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Fifteen Lessons from ‘Bracing for Disasters’

We spent months learning from fire and flood survivors, responders and experts. This caps our series.

Francesca Fionda 21 Jul 2023The Tyee

Francesca Fionda is an investigative reporter and regular contributor at The Tyee. Find her on Twitter @FrancescaFionda.

The drive from Squamish southeast to Abbotsford, which can take around two hours, passes through a changing landscape at risk of a daunting range of hazards — wildfires, landslides, tsunamis, earthquakes, flooding and even volcanic eruption.

Threats like these are top of mind for Tyrone McNeil, chair of the Emergency Planning Secretariat, Stó:lō Tribal Council president and Tribal Chief and a member of Seabird Island Band.

But he wishes people thought more proactively, particularly those making decisions, to understand the specific dangers each community is facing.

“Too often right now provincial and federal governments say the first pillar of emergency management is mitigation,” McNeil said during an online discussion hosted by The Tyee and SFU Public Square called “Empowering Communities to Endure Climate Disasters.” Instead, we need to be building new governance structures that understand the risk of this climate crisis and how it is evolving. We can’t mitigate what we don’t understand, McNeil said during the recorded event that is available to watch on YouTube.

Over the last few months, The Tyee has reported on the gaps and challenges our province is facing as it grapples with more frequent and intense climate disasters. Our series, Bracing for Disasters, revealed that people are being evacuated for weeks, not just the few days much of the province’s emergency support and response is geared to address. Our systems for dealing with disasters have not kept up.

In this series wrap-up we collect 15 lessons learned along the way, including vital strategies and actions for governments and citizens as the climate crisis intensifies. We’ve grouped them under four themes.

TO MANAGE RISK, MEASURE IT

1. Identify the risks. “Hazards are everywhere,” said Fraser Valley-based emergency management professional Tarina Colledge. “We build at the toe of mountainous slopes that land slides down. We live in river valleys where the water is carving the mountain terrain.” While we can’t control disasters or the landscape it’s important to understand the real risks and hazards in areas we live and make decisions based on that information, Colledge said. She’s part of the British Columbia Association of Emergency Managers and has over 15 years of experience in public safety.

2. Measure the risks and share the data. In our reporting for our Bracing for Disasters series, we highlighted the need for better data about evacuations to help people fleeing from catastrophes as well as for policymakers to make more informed decisions. There are major gaps in disaster risk awareness and knowledge with almost a quarter of Canadians unaware or unconcerned about emergencies and hazards, according to a recent report from Public Safety Canada.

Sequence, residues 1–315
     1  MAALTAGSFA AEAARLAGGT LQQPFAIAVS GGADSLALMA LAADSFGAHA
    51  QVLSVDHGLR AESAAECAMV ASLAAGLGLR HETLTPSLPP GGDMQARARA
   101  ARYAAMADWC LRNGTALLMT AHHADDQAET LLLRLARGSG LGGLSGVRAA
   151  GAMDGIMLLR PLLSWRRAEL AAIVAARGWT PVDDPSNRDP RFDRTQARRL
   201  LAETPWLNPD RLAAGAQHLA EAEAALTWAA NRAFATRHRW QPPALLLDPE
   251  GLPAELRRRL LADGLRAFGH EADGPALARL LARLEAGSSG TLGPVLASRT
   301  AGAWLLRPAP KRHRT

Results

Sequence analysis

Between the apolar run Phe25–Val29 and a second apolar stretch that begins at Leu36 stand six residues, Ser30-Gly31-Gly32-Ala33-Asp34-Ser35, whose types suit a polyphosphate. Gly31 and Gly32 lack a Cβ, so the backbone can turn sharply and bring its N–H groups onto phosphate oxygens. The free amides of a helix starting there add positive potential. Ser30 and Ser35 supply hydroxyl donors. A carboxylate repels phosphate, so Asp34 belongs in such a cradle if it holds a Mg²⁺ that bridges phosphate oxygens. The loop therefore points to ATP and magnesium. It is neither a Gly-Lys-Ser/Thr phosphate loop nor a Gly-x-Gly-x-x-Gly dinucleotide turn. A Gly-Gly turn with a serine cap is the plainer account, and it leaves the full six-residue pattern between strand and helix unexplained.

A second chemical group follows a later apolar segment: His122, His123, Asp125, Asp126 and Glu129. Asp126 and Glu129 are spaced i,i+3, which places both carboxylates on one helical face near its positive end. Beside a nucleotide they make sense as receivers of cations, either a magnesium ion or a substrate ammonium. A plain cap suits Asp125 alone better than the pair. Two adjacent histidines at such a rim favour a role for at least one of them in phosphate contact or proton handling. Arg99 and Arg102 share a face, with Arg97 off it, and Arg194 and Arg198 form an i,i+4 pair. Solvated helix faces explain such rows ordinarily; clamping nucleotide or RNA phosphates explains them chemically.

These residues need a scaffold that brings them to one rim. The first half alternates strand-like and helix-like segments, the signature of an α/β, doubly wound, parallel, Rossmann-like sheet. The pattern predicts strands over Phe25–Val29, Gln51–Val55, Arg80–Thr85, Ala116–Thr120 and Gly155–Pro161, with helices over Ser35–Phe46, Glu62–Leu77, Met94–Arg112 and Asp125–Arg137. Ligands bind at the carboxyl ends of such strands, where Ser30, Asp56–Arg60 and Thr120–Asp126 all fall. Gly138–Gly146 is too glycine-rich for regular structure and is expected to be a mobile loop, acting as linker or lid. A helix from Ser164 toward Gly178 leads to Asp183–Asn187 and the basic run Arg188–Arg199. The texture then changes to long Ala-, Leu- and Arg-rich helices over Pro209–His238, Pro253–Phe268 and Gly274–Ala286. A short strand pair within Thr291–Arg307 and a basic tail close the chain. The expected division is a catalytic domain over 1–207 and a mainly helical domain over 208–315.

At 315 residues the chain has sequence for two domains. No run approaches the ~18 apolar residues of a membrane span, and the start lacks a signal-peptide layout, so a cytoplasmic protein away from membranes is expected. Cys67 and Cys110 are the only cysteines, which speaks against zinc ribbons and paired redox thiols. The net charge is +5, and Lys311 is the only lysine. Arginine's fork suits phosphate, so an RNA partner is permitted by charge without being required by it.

Nationally, Natural Resources Canada publishes earthquake risk data and some limited historical flood data. The federal department is now working on “Canada's first strategic, national-level disaster risk assessment” and recently invested $164.2 million to create and update flood hazard identification data and maps.

In B.C. a 2019 preliminary risk assessment listed and mapped our province’s greatest risks, which are “severe wildfire season, seasonal water shortage, heat wave, ocean acidification, glacier loss and long-term water shortage.” You can view a general map to see which of the main hazards could hit your regional district.

There are growing efforts to increase hazard data and its availability. Some municipalities or regional districts have their own hazard data and use it to help with land use planning. Residents might find reports, lists or maps with information about the hazards in their communities. However, crucial public community-level data is not consistently available or easy to navigate.

3. Communicate the risks. “We have a lot of work to do to help communities better understand the risks,” Minister of Emergency Management and Climate Readiness Bowinn Ma told The Tyee.

“For a long, long time, emergency management and emergency preparedness was really focused on response and in more recent years recovery from disaster,” said Ma, who acknowledged there are gaps in current approaches and said the provincial government plans to modernize the current decades-old emergency management legislation. There will be a greater focus on understanding the risks and mitigating impacts before disasters hit, she said. New legislation, expected to be tabled this fall, will require government and public sector agencies to prepare and maintain risk assessments.

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‘We have a lot of work to do to help communities better understand the risks,’ said Minister of Emergency Management and Climate Readiness Bowinn Ma, shown, at centre, visiting Grand Forks on July 11 to announce funding for plantings and structures to lower the threat of flooding. Photo via BC government.

The province is developing a risk data strategy to collect more consistent data and make it available in one place. It recently invested $38 million to collect detailed landscape data which will be available to communities in a few years.

By next summer there will also be an updated risk assessment report with more information that covers the entire province, “region by region” with tools to help communities to better understand their risks. “We don't want communities to wait until that data is ready,” Ma said, pointing to the community emergency preparedness fund which offers a variety of funding streams for local governments.

4. Build governance that reflects and responds to the risks. Tyrone McNeil’s view that rising risks demand evolved governance structures is reinforced by the internationally recognized UN framework known as Sendai, adopted by B.C. in 2018. But decision-makers, as well as those directly impacted, need a deeper understanding of this priority, said McNeil.